6. 6. I tions illustrate that the findings for 2004 in math and science are not an anomaly but f those who most oppose immigration part of a well-established pattern.17 had succeeded over the past two Immigrants have played an important role in fostering competitive mathematics decades, two-thirds of the most out- in the United States. Hungarian-born standing future scientists and mathe- mathematician George Berzsenyi is cred- ited by many with building the math com- maticians in the United States would petition culture in this country, according not be in the country. to Steven Dunbar, director of the American Mathematics Competitions in Lincoln, Ne- braska. Romanian immigrant Titu An- dreescu, chair of the American searched food nutrients and compounds Both Daniel Chimin Choi and Duy Minh Mathematics Competitions, served as head that can help prevent Alzheimer’s disease. Ha are in the United States because of fam- coach of the U.S. Math Team from 1996 Neha has founded a national organization ily-sponsored immigration. Choi, whose until recently. When he traveled with the to increase understanding of Alzheimer’s South Korean-born parents were sponsored team, observers dubbed him the “Bela among younger U.S. citizens. by a sibling, plans to pursue a Ph.D. in bio- Karoly” of U.S. math, a reference to the Ro- One should not infer from these exam- medical engineering. He constructed a fuel manian-born coach of the U.S. Olympic ples that the United States gains only from cell “that derives electricity from bacterial champion women’s gymnastic team.18 the entry of high-skilled professionals and respiration,” which improved generation by Among the top scorers of the 2004 U.S. their children. Immigration is the crucial 750 percent compared with similar fuel Math Olympiad, 65 percent (13 of 20) factor in determining whether labor force cells.16 Duy Minh Ha was born in Vietnam were the children of immigrants. A re- growth in the United States rises or be- and came to the United States after relatives markable 50 percent were born outside of comes stagnant as in Western Europe. Par- sponsored his family. Duy wants to dedicate the United States (10 of 20). Both propor- ents of 6 of the 40 finalists arrived through his life to studying neurodegenerative disor- tions are higher than among the finalists of the general openness of the United States’ ders. His research on the impact of long- the Intel STS.19 immigration system, as opposed to its em- term estrogen replacement therapy on white The immigration background of the par- ployment-based part. Three family-spon- and gray brain matter may provide clues for ents of the 2004 U.S. Math Olympiad top sored immigrants and two refugees are lowering the risk of Alzheimer’s disease. scorers is similar to that of the Intel STS fi- among the finalists. nalists. More of the Math Olympiad top The mother of Romanian-born Andrei U.S. Math Olympiad scorers have parents who received H-1B Munteanu came to the United States after The U.S. Math Olympiad, the nation’s pre- visas (10) than parents born in the United winning the sometimes-criticized Diversity miere mathematics competition for high States (7). Twenty percent (4) of the parents Visa Lottery, which allows individuals from school students, is also dominated by im- entered first as international students. Two countries with less immigration to the migrants and the children of immigrants. of the 20—Tony Zhang, born in China, and United States to receive up to 50,000 visas a Organized by the Mathematical Associa- Jongmin Baek, born in South Korea—came year. Inspired by the movies Armageddon tion of America, each year an original to the United States when their U.S.-based and Sudden Impact, Andrei has performed group of more than 250,000 students is re- research that could contribute to saving us duced to (a qualifying round) of 10,000. Table 2 Children of Immigrants all—literally. He invented a new algorithm From there, tests reduce the group to 250, Among 2004 U.S. Math Olympiad to predict collisions between Earth and as- and finally to the top 24 scorers. Top Scorers teroids. Lisa Doreen Glukhovsky, whose par- From these top scorers, six are chosen to Out of 20 High School Students ents came to the United States as refugees represent the United States at the Interna- from Russia, has developed a “method of tional Mathematical Olympiad. The book measuring near-Earth asteroids [that] could Count Down by Steve Olson details the sec- one day help mitigate the danger of asteroid ond-place finish (tied with Russia) of the collisions with Earth.”15 In an extraordinary 2001 U.S. team. Four of the six team mem- feat for an amateur astronomer, she used bers that year were the children of immi- 65% high-resolution asteroid images at both a grants: Tiankai Liu (born in China), Ian Le European and a U.S. observatory to develop (born in Australia to Vietnamese refugee (13) a new approach to measuring the distances parents), David Shin (born in South of asteroids. Like many of the Intel STS final- Korea), and Oaz Nir (born in the United ists, Lisa is fluent in multiple languages States to Israeli parents who immigrated to (English, French, Russian, and Hebrew) and Louisiana). The past representation of the Source: National Foundation for American Policy plays classical music (piano and violin). children of immigrants in these competi- interviews with finalists and parents.18 I N T E R N A T I O N A L E D U C A T O R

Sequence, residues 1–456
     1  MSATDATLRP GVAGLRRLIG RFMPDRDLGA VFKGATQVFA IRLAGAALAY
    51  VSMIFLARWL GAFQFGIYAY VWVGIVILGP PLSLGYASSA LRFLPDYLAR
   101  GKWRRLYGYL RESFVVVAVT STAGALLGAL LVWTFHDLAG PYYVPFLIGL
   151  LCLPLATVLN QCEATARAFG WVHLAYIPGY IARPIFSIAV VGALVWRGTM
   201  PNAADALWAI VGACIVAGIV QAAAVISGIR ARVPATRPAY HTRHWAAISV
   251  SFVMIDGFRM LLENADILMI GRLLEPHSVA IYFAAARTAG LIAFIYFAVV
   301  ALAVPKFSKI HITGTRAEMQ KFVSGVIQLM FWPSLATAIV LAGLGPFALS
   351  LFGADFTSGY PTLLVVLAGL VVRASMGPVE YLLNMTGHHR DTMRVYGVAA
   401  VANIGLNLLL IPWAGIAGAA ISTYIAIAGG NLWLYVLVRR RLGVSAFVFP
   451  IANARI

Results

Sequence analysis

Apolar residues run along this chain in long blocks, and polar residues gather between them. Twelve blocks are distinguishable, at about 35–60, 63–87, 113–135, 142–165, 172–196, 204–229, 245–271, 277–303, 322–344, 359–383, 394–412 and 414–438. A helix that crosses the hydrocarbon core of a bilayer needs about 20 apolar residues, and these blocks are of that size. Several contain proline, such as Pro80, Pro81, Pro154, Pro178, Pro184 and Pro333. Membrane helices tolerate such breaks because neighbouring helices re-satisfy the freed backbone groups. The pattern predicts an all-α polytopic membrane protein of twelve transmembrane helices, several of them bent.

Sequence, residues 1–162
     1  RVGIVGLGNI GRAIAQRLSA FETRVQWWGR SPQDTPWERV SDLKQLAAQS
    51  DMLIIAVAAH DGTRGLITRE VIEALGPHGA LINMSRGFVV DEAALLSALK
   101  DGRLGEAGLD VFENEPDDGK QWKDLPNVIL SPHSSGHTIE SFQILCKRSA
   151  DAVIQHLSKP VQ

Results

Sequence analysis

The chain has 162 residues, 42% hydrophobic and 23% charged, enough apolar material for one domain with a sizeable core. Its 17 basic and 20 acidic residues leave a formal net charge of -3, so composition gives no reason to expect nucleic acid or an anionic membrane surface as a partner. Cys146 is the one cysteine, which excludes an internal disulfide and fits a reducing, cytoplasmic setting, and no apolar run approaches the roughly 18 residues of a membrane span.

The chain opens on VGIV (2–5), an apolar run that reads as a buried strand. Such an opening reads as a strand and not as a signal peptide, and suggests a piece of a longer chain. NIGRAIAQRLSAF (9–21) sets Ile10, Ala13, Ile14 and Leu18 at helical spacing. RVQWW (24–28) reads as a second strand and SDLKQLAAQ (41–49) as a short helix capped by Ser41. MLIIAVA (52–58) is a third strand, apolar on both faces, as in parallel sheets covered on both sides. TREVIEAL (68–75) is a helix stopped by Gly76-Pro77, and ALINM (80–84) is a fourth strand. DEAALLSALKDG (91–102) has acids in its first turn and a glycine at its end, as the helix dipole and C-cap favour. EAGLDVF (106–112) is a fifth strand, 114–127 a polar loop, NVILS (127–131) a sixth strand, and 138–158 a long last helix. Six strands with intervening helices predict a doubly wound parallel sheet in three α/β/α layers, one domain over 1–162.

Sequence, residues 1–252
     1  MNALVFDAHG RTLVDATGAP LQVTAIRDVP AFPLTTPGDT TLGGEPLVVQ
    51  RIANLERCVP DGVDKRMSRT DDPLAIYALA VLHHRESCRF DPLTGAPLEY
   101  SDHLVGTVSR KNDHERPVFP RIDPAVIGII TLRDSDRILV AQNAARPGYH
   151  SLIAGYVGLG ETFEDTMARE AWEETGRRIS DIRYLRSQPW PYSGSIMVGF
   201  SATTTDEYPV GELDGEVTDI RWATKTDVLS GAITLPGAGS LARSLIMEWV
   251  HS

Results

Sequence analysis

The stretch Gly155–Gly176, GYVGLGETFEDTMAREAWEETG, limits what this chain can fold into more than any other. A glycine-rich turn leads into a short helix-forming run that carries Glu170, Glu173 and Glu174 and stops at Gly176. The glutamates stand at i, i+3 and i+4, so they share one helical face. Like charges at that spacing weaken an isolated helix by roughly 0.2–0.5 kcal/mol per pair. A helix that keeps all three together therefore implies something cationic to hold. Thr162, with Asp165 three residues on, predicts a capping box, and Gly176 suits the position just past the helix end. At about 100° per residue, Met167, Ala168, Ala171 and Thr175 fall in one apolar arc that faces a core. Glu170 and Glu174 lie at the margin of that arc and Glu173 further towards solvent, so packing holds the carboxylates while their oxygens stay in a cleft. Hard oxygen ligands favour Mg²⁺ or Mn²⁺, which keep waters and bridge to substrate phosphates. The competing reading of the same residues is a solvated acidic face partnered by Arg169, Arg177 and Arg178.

7. 7. relatives sponsored their parents for immi- U.S. Physics Team This may be difficult to accomplish in gration. Oleg Golberg arrived with his fam- Nearly half the members of the U.S. Physics the near future. In 2003, only 26 percent of ily as a refugee from Russia. Team are the children of immigrants—11 U.S. high school graduates achieved the Interviews with the parents and students of 24, or 46 percent. In addition, 9 of 24 (or benchmark level on the ACT test in science, reveal a strong family culture of encour- 38 percent) were born outside the United a level considered necessary to have a rea- agement at an early age. In a number of States, primarily from China. sonable chance of completing first-year col- cases, one finds a parents’ professional ex- The annual competition organized by lege science courses. Fewer than half the perience in mathematics, and, in several the American Association of Physics Teach- graduates even took three years of science instances, a student’s interest in music. ers and the American Institute of Physics classes in high school, including physics, Math and music are similar, according to begins each year with high school physics notes the National Science Teachers Asso- Jae Bae, who was born in South Korea and teachers nominating outstanding students. ciation. Previous assessments have con- lives today in Hackensack, New Jersey. Jae Then, after tabulating the scores of a series cluded that, “on average, only one in five used to play the piano and believes that a of challenging exams, the field is winnowed American high school seniors has a solid good head for math and music go together. from 1,100 to 24. These 24 young people grasp of science.” The association believes The presence of many immigrant chil- make up the U.S. Physics Team. After an- recent emphasis on math and reading test- dren in the U.S. Math Olympiad is so no- other week of exams, lab experiments, and ing could leave science out of the education table it is even a source of humor among classroom work, five students were selected reform agenda.22 native-born U.S. parents. “My son is the to represent the United States in South Yi Sun, only a sophomore at the Harker Jewish Caucasian representative,” jokes Korea at the 2004 International Physics School in San Jose, California, and the Elizabeth Batson, the mother of Joshua Olympiad. youngest of the five team representatives, Batson who was an honorable mention top Two of the five students chosen to repre- was born in China. His parents, both scorer in the 2004 U.S. Math Olympiad. sent the United States this year are immi- chemists, first went to Canada and then She credits immigrant parents for much of grants. Elena Udovina, the only woman came to the United States when his father their children’s success. “There’s a differ- among the five, was born in Russia. Her fa- became a postdoctoral fellow at Duke Uni- ent attitude and different priorities about ther, Alexander Bogorad, came to the versity. Yi sees a strong connection between how kids spend their time.” United States six years ago on an H-1B visa math and physics, having started in math “Most Asian American children don’t to work in the computer industry. Alexan- competitions in the seventh grade. Yi and see themselves growing up to be NBA play- der points to one explanation for the strong Elena both were among the top scorers in ers, captains of industry, or politicians.... showing of students with recent immigrant the 2004 U.S. Math Olympiad. But many believe that if they do well in roots. Based on Elena’s experience, he esti- mathematics and science, they can suc- mates that what U.S. students are taught in Mix of Countries ceed. They can become scientists, engi- twelfth grade math classes, Russian children Nearly all of the immigrant parents of U.S. neers, computer programmers, study in the eighth and ninth grade. “I don’t Physics Team members were born in physicians,” writes Count Down author like saying this but math and physics are not China. The parents of Elena Udovina, born Steve Olson. “All new immigrants to the the strong side of American schools,” said in Russia, are an exception. The foreign- United States must work hard to succeed, Alexander. He believes U.S. schools need to born parents of the 2004 U.S. Math and they expect their children to work be more challenging and intensive in math Olympiad’s top scorers were divided hard, too.”20 and science fields, and at an earlier age. among South Korea (four), China (four), Olson argues that immigrant success in Russia (three), and India (two). The Intel the U.S. Math Olympiad is not coinci- STS finalists showed a more diverse mix of Table 3 Children of Immigrants dental. In addition to the drive of the in- On 2004 U.S. Physics Team foreign-born parents, including seven from dividuals and their families, he points out Out of 24 High School Students India, five from China, three from Taiwan, that because the students or their parents two each from Russia and Ukraine, and one are recent immigrants, “they speak more each from Vietnam, Israel, Turkey, and than one language and have experience South Korea. with multiple cultures, which, as [Dean Keith] Simonton demonstrated, can be a Policy to the Rescue? source of creativity.” Olson adds, “From If those who most oppose immigration had an early age they absorb the lesson that 46% succeeded over the past two decades, two- they must work hard to do well in the (11) thirds of the most outstanding future scien- United States and that, if they master tists and mathematicians in the United mathematics and science, they are more States would not be in the country since likely to succeed. Given the precarious U.S. policy never would have allowed in position of immigrant families in U.S. so- their parents. Any effort to preserve U.S. ciety, the intensity of their drive to suc- strength in science and technology should Source: National Foundation for American Policy ceed is hardly surprising.21 interviews with finalists and parents. start by recognizing the key role that immi-S U M M E R 2 0 0 4 19